United States District Court, D. Maine
BRITTANY IRISH, individually and as personal representative of the estate of KYLE HEWITT, deceased, and KIMBERLY IRISH, Plaintiffs,
DETECTIVE JASON FOWLER, et al. Defendants.
ORDER ON MOTION TO AMEND PLAINTIFF'S RESPONSE TO
REQUEST FOR ADMISSION
A. WOODCOCK, JR. UNITED STATES DISTRICT JUDGE
that the amendment of a response to a request for admission
would promote the presentation of the merits of the action
and that there is no suggestion of prejudice from the
amendment, the Court grants a plaintiff's motion to amend
her response to a request for admission.
December 10, 2015, the Plaintiffs initiated this civil action
against the state of Maine and several state police officers
pursuant to 42 U.S.C. § 1983, alleging under various
legal theories that the Defendants were legally responsible
for a series of tragic events in 2015 leading to the death of
Brittany Irish's boyfriend, Kyle Hewitt, the shooting of
Kimberly Irish, Brittany Irish's mother, and the
kidnapping of Brittany Irish. Compl. (ECF No. 1). At
the time the Complaint was filed, the Plaintiffs were
represented by Attorney David Van Dyke. Id. On
February 28, 2018, however, Attorney Van Dyke passed away
unexpectedly and Attorney Scott J. Lynch inherited Attorney
Van Dyke's caseload of eighty-nine cases, including this
civil action. Pl.'s Mot. to Am. Resp. to
Admissions at 1 (ECF No. 71) (Pl.'s Mot.).
Attorney Lynch entered his appearance on behalf of the
Plaintiffs on March 14, 2018. Notice of Appearance
(ECF No. 47). On March 21, 2018, the Magistrate Judge held a
conference to discuss the future course of the case and
extended a number of the scheduling deadlines. Report of
Tel. Conf. and Second Am. Scheduling Order (ECF No. 52)
(Second Am. Scheduling Order). The Plaintiffs'
deadline for designation of expert witnesses, for example,
was extended from October 31, 2017 to July 2, 2018.
Compare Scheduling Order at 2 (ECF No. 25), with
Second Am. Scheduling Order at 1.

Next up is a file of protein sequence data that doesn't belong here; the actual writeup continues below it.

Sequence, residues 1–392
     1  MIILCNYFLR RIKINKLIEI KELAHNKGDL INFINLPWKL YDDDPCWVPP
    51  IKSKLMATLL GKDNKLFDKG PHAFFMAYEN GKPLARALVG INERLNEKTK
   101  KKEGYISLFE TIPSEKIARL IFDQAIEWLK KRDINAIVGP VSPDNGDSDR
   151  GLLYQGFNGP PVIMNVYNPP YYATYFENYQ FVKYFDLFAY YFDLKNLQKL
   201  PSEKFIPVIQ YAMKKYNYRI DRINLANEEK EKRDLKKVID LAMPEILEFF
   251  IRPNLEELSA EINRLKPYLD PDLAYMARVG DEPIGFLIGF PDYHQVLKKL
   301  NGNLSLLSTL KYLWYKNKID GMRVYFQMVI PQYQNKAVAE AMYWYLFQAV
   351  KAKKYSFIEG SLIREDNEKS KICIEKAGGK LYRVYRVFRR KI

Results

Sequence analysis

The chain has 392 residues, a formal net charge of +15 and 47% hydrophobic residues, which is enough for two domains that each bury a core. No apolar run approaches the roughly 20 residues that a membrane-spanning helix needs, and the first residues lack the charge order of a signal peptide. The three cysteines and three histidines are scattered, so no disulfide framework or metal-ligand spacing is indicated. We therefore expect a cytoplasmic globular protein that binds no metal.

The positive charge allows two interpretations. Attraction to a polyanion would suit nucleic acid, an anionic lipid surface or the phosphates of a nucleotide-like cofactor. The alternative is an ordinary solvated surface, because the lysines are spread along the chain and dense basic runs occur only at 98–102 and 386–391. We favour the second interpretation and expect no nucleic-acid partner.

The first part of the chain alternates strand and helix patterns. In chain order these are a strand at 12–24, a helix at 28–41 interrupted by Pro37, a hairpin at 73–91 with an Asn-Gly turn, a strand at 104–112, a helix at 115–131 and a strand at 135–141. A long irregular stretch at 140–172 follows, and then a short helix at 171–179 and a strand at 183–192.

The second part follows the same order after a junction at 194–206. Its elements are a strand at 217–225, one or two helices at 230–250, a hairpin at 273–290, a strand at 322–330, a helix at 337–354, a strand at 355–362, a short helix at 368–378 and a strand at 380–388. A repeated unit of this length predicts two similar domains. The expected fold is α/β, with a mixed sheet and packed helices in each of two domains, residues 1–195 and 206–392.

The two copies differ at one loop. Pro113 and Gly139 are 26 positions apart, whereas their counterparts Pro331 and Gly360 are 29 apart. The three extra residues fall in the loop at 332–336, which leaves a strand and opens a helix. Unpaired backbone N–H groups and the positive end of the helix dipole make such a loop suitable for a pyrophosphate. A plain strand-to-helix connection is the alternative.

8, 2018, the Defendants propounded a request for admissions,
consisting of twenty-eight separately stated questions.
Id. Attorney Lynch represents in the motion that
when the Defendants filed their May 8, 2019 requests for
admission, he had not met the Plaintiffs, had not reviewed
the one-terabyte hard drive of discovery provided by the
state of Maine, and had not reviewed the 5, 000-plus pages of
paper discovery that Attorney Van Dyke had received,
reorganized, and tabulated. Id. Brittany Irish
signed the responses to the requests for admission on May 30,
2018. Defs.' Opp'n to Pl.'s Mot. to Am Resp.
to Reqs. for Admissions (Defs.' Opp'n),
Attach. 1, Pl. Brittany Irish's Resp. to Def.'s
First Req. for Admissions at 4 (ECF No. 73) (Irish
Resp. to Req. for Admissions).
One response is the subject of the Plaintiff's motion:
27. When Anthony Lord received a voice mail message from
Detective Perkins on July 16, 2015, he believed the message
related to the death of his son.
Mot. at 2; Pl.'s Resp. to Req. for Admissions at 4. Ms.
Irish seeks to clarify her response as follows:
RESPONSE : Plaintiff Brittany Irish admits
that Anthony Lord stated in an interview with detectives that
he believed the message from Detective Perkins related to the
death of his son. Plaintiff Brittany Irish does not know
whether Anthony Lord actually believed that to be true and,
therefore, denies the same and leaves the Defendants to their
Pl.'s Mot. at 2. The Defendants object.
Defs.' Opp'n at 1-5.
THE PARTIES' POSITIONS
The Plaintiff's Position
Federal Rule of Civil Procedure 36(b), the Plaintiff
acknowledges that there is a “two-part test to
determine whether it is reasonable and appropriate for the
court to grant relief to a party requesting to withdraw or
amend discovery admissions.” Pl.'s Mot. at
3. The first is whether it would “promote the
presentation of the merits of the action”, and the
second is whether it would “prejudice the requesting
party in maintaining or defending the action on the
merits.” Id.; Fed.R.Civ.P. 36(b). Regarding
the first issue, the Plaintiff emphasizes the Court's
discretion in determining whether to permit withdrawal or
amendment of admissions. Id. at 3-4. The Plaintiff
states that her initial response is “manifestly
inconsistent with the position of Brittany Irish in this law
suit.” Id. at 4. She also stresses that she
filed the motion before the dispositive motion deadlines had
lapsed. Id. She attributes her initial response to
three things: (1) Attorney Van Dyke's untimely death, (2)
the volume of material new counsel confronted, and (3) new
counsel's failure to appreciate the nuance of what the
term “believed” meant in the context of this
admission. Id. at 5. Regarding the second prong, the
Plaintiff argues that the Defendants will not be prejudiced
in the way that concept is applied in this context.
Id. at 5-6.